Korean films have a good showing at Cannes

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Korean films have a good showing at Cannes

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From left, actor Cho Jin-woong, actress Kim Tae-ri, director Park Chan-wook, actress Kim Min-hee and actor Ha Jung-woo arrive at the screening of the film “The Handmaiden” on Saturday at the 69th Cannes Film Festival in southern France. [AP/NEWSIS]

Korean-made films are off to a good start at the ongoing Cannes Film Festival.

Park Chan-wook’s highly anticipated lesbian thriller “The Handmaiden,” inspired by Sarah Waters’s 2002 novel “Fingersmith,” enjoyed a minutes-long standing ovation after its world premiere, which took place at the 3,000-seat Grand Theatre Lumiere on Saturday.

The thundering applause continued until Park and the film’s four leading actors - Kim Min-hee, Kim Tae-ri, Ha Jung-woo and Cho Jin-woong - exited the theater, the film’s domestic distributor, CJ Entertainment, said.

Elena Pollacchi, the executive programmer for the Venice International Film Festival, said she was most excited to see Park’s latest at Cannes. She said the film surprised her with its extremeness, adding that she is looking forward to inviting it to the Venice festival as well.

Buyers who attend film events to find qualified titles to bring back to their home countries also showed positive responses to “The Handmaiden.”

An official from the Poland-based film company Gutek Film described the thriller as a “masterpiece,” adding that it is more than qualified to receive the Palme d’Or, the top prize at the prestigious film festival.

Another official from the Berlin-based distributor Koch Media said the film captures the quintessential joy of watching films. Its “mise-en-scene” is another protagonist of the film, the official added.

Positive reviews from foreign media are popping across the Internet.

London-based daily newspaper The Guardian gave the film four stars out of five, crediting the film’s focus on female sexuality.

“The rare focus on a woman’s experience of sex without a man involved is key in [Park’s] adaptation,” the review said, adding that the “impotency of male characters” helps counter some criticism of the film’s over-the-top nudity and sexual scenes. The film is ultimately a “hugely entertaining thriller.”

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Still cuts from “The Handmaiden,” left, and “Train to Busan,” which were invited to the Cannes Film Festival’s “In Competition” and “Midnight Screenings” sections, respectively. After their world premieres, both titles received rave reviews from foreign media. [CJ ENTERTAINMENT, NEXT ENTERTAINMENT WORLD]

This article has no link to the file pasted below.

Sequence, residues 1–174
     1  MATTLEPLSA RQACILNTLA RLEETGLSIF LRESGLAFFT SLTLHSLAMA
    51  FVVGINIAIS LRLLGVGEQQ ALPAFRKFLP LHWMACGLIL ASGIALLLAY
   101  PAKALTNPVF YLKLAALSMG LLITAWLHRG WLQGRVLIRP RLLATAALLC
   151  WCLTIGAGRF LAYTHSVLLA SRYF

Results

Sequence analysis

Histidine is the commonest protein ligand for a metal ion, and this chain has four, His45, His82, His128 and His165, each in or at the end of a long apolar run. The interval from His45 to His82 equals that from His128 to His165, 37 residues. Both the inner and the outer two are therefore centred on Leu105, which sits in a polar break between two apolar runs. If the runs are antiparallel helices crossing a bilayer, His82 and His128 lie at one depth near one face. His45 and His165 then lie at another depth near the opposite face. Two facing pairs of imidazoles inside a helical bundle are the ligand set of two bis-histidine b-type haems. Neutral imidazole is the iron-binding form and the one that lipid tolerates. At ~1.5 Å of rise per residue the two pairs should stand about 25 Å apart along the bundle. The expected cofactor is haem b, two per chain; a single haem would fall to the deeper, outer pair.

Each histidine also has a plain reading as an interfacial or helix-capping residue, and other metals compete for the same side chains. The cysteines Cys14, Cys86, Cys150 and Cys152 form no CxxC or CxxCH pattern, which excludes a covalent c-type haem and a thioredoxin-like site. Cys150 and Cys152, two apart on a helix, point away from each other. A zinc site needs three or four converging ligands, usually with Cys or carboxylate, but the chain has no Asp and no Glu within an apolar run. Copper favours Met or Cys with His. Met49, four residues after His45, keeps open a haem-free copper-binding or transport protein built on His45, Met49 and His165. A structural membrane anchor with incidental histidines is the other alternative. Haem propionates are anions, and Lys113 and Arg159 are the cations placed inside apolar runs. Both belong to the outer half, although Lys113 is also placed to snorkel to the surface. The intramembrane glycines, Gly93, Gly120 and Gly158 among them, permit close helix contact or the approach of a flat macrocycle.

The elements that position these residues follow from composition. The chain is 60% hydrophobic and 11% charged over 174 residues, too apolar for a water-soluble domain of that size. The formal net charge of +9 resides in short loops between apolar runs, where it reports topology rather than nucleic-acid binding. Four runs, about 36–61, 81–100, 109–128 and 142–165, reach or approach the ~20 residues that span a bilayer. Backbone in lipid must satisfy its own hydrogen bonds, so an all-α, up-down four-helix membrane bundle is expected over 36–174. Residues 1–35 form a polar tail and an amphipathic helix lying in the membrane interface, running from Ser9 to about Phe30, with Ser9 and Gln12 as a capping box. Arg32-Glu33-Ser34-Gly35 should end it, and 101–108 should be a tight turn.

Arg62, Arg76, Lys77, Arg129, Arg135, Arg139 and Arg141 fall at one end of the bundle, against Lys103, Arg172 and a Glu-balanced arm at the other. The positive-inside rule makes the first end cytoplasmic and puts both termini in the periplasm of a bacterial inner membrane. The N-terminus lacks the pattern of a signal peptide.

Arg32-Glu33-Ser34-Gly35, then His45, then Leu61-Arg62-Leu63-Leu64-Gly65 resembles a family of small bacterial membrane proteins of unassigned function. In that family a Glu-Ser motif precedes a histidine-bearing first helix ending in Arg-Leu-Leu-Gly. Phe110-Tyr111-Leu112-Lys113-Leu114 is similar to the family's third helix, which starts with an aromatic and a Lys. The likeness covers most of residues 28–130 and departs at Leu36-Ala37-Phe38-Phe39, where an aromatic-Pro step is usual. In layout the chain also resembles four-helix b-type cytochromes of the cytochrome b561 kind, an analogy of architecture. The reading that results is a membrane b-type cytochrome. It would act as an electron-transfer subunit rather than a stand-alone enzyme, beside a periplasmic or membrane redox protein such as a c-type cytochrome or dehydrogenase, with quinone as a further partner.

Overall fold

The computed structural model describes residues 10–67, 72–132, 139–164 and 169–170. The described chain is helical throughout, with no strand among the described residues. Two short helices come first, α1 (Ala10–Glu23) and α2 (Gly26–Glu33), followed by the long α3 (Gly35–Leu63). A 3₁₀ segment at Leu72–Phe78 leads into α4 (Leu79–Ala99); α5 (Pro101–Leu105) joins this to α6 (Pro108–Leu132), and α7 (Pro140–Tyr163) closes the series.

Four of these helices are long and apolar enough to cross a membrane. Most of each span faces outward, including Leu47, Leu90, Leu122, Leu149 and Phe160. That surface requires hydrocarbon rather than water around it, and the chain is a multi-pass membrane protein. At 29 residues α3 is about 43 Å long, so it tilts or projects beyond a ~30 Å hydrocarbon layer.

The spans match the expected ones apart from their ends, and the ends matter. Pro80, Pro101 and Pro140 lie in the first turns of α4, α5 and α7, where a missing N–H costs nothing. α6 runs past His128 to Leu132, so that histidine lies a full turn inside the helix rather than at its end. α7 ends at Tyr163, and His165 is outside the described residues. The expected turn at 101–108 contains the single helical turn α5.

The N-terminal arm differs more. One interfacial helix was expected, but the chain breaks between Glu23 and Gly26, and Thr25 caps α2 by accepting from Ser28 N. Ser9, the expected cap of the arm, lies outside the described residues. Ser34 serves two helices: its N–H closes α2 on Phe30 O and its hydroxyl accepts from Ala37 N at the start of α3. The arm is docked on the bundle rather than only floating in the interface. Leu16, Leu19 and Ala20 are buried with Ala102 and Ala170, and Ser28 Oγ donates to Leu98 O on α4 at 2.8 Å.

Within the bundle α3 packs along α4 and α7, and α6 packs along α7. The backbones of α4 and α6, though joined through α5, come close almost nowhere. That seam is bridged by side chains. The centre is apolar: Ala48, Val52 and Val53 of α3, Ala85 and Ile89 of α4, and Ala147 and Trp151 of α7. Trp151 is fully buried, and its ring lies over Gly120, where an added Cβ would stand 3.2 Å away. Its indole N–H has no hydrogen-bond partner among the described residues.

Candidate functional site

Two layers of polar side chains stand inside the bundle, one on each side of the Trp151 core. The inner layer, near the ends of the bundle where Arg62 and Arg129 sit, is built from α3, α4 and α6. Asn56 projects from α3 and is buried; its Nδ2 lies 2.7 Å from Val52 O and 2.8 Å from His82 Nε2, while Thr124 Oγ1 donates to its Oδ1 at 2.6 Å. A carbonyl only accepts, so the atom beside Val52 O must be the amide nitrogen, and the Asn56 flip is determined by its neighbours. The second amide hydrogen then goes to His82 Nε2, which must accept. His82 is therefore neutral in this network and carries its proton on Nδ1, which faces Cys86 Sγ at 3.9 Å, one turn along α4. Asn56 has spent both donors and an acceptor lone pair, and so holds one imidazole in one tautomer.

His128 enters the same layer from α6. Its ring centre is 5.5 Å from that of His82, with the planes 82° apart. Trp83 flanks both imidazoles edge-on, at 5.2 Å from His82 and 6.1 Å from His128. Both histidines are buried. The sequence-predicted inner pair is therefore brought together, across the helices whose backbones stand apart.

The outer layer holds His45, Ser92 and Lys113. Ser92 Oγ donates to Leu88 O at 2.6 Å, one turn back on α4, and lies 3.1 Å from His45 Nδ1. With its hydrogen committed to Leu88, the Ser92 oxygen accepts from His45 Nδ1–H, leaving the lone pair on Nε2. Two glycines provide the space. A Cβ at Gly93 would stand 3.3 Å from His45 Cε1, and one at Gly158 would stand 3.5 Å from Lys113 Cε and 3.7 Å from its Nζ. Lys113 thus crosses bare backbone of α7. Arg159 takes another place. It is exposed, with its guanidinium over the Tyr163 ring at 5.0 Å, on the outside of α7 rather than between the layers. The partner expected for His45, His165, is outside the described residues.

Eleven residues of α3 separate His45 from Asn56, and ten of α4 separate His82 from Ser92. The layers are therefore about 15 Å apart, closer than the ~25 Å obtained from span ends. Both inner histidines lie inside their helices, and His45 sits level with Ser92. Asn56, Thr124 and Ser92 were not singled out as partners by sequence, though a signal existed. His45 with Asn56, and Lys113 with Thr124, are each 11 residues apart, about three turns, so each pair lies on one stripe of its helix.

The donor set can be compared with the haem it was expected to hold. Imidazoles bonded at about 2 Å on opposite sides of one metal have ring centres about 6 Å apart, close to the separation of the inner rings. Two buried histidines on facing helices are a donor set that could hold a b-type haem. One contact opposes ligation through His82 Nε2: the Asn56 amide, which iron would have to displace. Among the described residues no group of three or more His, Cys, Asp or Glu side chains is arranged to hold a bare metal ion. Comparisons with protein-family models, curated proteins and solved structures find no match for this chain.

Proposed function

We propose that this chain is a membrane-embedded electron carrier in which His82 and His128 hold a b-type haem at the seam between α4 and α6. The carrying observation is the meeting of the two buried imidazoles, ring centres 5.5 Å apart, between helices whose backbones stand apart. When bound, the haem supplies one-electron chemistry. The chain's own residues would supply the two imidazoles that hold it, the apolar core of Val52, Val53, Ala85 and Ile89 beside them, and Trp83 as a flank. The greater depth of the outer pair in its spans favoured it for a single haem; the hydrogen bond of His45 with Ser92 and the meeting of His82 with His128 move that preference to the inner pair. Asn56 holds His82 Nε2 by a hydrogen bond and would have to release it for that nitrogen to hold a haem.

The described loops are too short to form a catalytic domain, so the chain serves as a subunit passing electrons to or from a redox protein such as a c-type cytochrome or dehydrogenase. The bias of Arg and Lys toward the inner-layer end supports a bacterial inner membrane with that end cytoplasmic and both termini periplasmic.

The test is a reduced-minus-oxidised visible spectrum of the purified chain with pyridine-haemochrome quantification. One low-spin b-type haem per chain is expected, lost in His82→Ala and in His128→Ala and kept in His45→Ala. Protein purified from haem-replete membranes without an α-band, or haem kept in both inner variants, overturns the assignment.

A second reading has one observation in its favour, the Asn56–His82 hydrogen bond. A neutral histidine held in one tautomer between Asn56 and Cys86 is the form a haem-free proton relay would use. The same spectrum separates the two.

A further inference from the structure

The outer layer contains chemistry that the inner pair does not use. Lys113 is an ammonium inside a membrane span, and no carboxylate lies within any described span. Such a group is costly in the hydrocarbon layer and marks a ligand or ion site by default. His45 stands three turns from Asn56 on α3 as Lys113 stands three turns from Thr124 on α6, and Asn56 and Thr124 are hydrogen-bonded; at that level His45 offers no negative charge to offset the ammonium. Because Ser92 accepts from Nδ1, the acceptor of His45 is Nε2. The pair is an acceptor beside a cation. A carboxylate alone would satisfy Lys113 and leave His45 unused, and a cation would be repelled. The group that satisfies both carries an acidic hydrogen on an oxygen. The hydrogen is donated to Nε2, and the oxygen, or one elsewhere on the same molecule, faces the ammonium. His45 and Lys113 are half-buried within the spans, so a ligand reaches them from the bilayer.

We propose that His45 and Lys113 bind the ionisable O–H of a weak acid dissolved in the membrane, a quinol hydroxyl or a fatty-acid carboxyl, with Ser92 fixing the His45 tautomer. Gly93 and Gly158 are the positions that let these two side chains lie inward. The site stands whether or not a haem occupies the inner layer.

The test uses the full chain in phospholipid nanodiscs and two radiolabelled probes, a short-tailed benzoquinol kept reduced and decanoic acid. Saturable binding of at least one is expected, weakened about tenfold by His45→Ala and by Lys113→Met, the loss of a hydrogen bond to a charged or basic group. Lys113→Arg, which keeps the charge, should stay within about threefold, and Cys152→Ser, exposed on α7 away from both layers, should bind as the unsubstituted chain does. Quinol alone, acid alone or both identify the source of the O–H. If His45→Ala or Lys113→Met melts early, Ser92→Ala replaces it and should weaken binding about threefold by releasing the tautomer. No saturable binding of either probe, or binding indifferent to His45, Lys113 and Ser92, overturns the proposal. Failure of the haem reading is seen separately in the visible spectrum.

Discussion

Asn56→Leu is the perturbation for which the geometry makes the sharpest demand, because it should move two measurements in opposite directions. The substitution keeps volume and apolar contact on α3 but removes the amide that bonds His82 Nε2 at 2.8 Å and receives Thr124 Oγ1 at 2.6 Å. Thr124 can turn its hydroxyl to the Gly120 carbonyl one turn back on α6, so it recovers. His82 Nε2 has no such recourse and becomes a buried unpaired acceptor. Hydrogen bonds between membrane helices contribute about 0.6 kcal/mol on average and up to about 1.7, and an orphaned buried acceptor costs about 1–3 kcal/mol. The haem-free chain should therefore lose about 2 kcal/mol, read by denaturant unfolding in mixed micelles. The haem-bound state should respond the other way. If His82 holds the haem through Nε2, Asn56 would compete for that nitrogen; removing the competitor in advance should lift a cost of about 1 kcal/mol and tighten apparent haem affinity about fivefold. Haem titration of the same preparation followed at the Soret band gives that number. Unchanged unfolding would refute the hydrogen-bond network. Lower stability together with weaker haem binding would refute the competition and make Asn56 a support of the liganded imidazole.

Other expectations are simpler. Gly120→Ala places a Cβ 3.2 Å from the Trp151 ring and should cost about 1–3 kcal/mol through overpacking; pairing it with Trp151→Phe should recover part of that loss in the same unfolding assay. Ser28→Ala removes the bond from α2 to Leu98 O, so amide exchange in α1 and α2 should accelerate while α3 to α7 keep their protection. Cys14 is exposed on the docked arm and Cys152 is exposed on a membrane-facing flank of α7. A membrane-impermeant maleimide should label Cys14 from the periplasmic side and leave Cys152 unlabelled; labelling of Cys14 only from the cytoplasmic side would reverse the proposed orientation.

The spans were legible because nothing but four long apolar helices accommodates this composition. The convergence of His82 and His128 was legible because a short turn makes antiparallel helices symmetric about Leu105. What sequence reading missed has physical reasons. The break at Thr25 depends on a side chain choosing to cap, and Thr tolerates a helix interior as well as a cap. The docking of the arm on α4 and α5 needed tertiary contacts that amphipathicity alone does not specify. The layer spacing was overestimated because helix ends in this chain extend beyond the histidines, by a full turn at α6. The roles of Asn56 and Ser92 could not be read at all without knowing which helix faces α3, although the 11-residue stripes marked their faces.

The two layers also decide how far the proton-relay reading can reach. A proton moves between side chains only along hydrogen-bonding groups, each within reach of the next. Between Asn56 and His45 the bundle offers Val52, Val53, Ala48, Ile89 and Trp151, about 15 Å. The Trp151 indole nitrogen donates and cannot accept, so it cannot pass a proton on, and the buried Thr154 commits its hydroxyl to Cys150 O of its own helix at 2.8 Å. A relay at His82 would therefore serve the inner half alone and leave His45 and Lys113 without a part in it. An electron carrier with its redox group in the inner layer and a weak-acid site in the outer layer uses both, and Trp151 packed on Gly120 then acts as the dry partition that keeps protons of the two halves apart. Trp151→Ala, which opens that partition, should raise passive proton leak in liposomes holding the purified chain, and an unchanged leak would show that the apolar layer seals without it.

Variety, a major American entertainment magazine, also pointed out some strong points of the film, including its aesthetics.

“Commercial and arthouse audiences alike will either thrill to its stylized potboiler elements or swoon over the opiate influence of Park’s signature aesthetic beauty,” the review said. “Production values are sensational even by Korean cinema’s blue-chip standards.”

The Hollywood Reporter, another major entertainment magazine based in Los Angeles, expressed full-fledged satisfaction with the film, starting its review with the line: “Expectations are fully met in Park Chan-wook’s exquisitely filmed ‘The Handmaiden’.”

It described the film as a “kinky erotic thriller and love story that brims with delicious surprises, making its two-and-a-half hours fly by.”

While such admiring reactions by film reviewers of Park, a frequent feature at Cannes, were somewhat expected, what was surprising were the equally overwhelming responses toward another domestic title, “Train to Busan.” This disaster film, directed by Yeon Sang-ho, was invited to the festival’s noncompetitive “Midnight Screenings” section.

The film, which had its world premiere in the southern French city on Friday night, also drew explosive responses from the audience, who gave it multiple standing ovations.

Thierry Fremaux, director of the festival, described it as “the best midnight screening ever.”

“Mr. Yeon must be in competition next time,” he added.

A rare Korean zombie flick, “Train to Busan,” starring Gong Yoo and Jung Yu-mi, depicts people evacuating Seoul on a Busan-bound train to avoid a serious viral epidemic that turns people into deadly zombies.

Variety called the film “as biting as Bong Joon-ho’s sci-fi dystopia ‘Snowpiercer,’ while delivering even more unpretentious fun.”

With the two Korean films earning above-average reviews, the baton has been handed over to the buyers, who will ultimately determine the market value of the films.

While “The Handmaiden” already pre-sold its publication rights in 116 countries at the European Film Market, CJ Entertainment is looking forward to signing more contracts in wake of the positive responses at Cannes.

“Train to Busan,” which wasn’t able to induce much interest from foreign buyers beforehand due to a lack of familiarity with director Yeon in the international film scene, the screening at Cannes is expected to completely turn the tables. According to local media reports, all 72 attendees at the film’s market screening inquired about purchasing its publication rights with Next Entertainment World, the domestic distributor.

Meanwhile, “The Wailing,” the third Korean feature invited to this year’s festival, will have its debut there on Wednesday. It already opened in Korea last Wednesday and is topping the local box-office ranks.

“The Handmaiden” opens nationwide June 1, while “Train to Busan” will have its domestic release in July.

Whether “The Handmaiden,” the only Korean feature in competition at the festival, will nab the prestigious Palme d’Or or any other award will be decided on Sunday.

BY JIN EUN-SOO [jin.eunsoo@joongang.co.kr]

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